[3] The DKBA was formed in December 1994, led by monk U Thuzana with the help and support of the State Law and Order Restoration Council (SLORC), which was the name of the military government in Burma at that time. For more information on the formation of the DKBA, see "Inside the DKBA," KHRG, 1996. Border Guard battalions of the Tatmadaw were established in 2010, and they are composed mostly of soldiers from former non-state armed groups, such as older constellations of the DKBA, which have formalized ceasefire agreements with the Burmese government and agreed to transform into battalions within the Tatmadaw. Border Guard battalions are assigned four digit battalion numbers, whereas regular Tatmadaw infantry or light infantry battalions are identified by two or three digit battalion numbers. For more information, see "DKBA officially becomes Border Guard Force" Democratic Voice of Burma, August 2010, and, "Exploitation and recruitment under the DKBA in Pa'an District," KHRG, June 2009.

[4] The Karen Peace Force (KPF) was formed in February 1997 after splitting from the KNU/KNLA, and surrendering to and signing a ceasefire with the Burmese military government. The KPF controls some administrative areas in Three Pagodas Pass and operates a number of road and river checkpoints in the area of Three Pagodas Pass. After repeated rejections of Burmese government proposals to reform KPF into the Tatmadaw Border Guard, substantial elements reformed into Tatmadaw Border Guard battalions in 2010. See Mizzima Election 2010 Factsheet: KPF. However, follow-up information provided in March 2012 by the same villager who wrote this report confirmed that the branch of the KPF referred to in this report did not transform into Tatmadaw Border Guard and remains independent.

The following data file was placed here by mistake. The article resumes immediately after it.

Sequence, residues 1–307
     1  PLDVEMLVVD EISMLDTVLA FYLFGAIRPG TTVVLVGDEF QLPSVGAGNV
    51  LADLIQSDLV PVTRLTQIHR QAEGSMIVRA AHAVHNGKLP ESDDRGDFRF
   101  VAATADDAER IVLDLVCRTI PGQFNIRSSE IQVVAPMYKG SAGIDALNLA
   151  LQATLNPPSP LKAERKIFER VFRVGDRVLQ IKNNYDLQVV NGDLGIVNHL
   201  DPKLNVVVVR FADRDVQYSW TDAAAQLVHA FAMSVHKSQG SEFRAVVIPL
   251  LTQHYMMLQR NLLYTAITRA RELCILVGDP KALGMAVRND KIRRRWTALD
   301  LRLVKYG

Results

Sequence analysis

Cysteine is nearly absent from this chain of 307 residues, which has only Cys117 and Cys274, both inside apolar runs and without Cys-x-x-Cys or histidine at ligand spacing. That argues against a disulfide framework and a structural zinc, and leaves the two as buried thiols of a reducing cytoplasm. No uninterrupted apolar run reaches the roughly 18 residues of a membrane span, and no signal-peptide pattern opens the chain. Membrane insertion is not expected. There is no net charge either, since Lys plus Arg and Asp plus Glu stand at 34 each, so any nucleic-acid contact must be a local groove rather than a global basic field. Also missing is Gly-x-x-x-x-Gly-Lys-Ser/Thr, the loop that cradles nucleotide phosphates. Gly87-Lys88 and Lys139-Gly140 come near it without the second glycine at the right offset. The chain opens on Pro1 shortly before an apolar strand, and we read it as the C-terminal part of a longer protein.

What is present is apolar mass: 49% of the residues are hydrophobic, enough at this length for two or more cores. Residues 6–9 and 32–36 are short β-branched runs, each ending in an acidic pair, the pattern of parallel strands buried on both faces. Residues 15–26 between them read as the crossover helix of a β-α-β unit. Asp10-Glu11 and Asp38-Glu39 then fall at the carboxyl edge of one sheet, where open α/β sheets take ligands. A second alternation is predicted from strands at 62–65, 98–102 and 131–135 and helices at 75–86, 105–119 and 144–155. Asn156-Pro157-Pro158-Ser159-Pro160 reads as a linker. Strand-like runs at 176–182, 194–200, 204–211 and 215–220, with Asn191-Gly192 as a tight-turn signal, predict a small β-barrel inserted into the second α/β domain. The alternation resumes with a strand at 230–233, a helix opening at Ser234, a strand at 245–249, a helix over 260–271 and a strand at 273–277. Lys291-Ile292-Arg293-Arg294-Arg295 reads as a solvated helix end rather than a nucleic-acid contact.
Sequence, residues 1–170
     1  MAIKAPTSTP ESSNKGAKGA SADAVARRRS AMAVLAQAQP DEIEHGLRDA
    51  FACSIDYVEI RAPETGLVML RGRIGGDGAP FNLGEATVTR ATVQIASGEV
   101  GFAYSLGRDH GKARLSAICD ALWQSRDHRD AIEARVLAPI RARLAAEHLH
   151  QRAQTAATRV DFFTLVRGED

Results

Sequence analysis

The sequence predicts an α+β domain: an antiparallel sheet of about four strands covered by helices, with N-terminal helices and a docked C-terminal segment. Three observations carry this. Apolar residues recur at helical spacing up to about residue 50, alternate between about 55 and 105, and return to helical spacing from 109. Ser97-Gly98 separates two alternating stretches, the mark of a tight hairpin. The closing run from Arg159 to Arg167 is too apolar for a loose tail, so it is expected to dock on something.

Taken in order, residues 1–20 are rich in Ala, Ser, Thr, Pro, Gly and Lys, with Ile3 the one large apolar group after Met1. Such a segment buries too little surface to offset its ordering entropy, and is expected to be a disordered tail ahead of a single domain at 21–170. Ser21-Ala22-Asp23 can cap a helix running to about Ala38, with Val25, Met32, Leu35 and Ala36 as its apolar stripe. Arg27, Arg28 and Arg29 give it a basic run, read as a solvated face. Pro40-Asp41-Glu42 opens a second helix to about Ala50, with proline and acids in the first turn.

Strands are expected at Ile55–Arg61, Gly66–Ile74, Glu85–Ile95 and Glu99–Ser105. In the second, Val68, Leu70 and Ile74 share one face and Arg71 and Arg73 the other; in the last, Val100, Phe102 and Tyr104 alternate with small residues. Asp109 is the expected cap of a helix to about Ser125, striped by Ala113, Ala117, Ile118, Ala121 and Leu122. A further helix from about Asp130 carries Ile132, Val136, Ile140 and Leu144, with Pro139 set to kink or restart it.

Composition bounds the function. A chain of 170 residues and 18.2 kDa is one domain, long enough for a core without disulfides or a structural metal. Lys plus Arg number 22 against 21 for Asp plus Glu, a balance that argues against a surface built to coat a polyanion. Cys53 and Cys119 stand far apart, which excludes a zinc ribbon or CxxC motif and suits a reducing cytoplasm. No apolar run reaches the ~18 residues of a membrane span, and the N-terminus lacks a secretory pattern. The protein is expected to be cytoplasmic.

[5] The KNU/KNLA Peace Council (also called the Karen Peace Council or KPC) is an armed group based in Hto Kaw Ko, T'NayHsah Township, Pa'an District, which split from the Karen National Union (KNU) in 2007 under the command of HtayMaung and subsequently refused to comply with orders from the then-SPDC government to transform its forces into the Tatmadaw Border Guard; see: "KNU/KNLA Peace Council," Mizzima News, June 7th 2010 and "KPC to be outlawed if it rejects BGF," Burma News International, August 30th 2010.

[6] According to the community member who submitted this information, villagers in the area believe that the Border Guard officer was attempting to gain their support for the recruitment effort by falsely stating that other armed groups in the area cooperate with the Border Guard.

[7] A preliminary ceasefire agreement was reached between representatives of the Government of the Union of Myanmar and the Karen National Union (KNU) in January 2012; See "Govt, KNU sign ceasefire," Myanmar Times, January 16th-22nd 2012; "KNU, Govt Reach Historic Agreement," The Irrawaddy, January 12th 2012. Since this initial meeting, negotiators from the two parties have met twice, most recently on September 3rd and 4th, aiming to build trust and progress towards a code of conduct that will set guidelines as to how the armed actors must operate towards each other; See "KNU Delegations Departs for the Third Round Negotiation of Ceasefire with the Burmese Government," Karen National Union, September 1st 2012.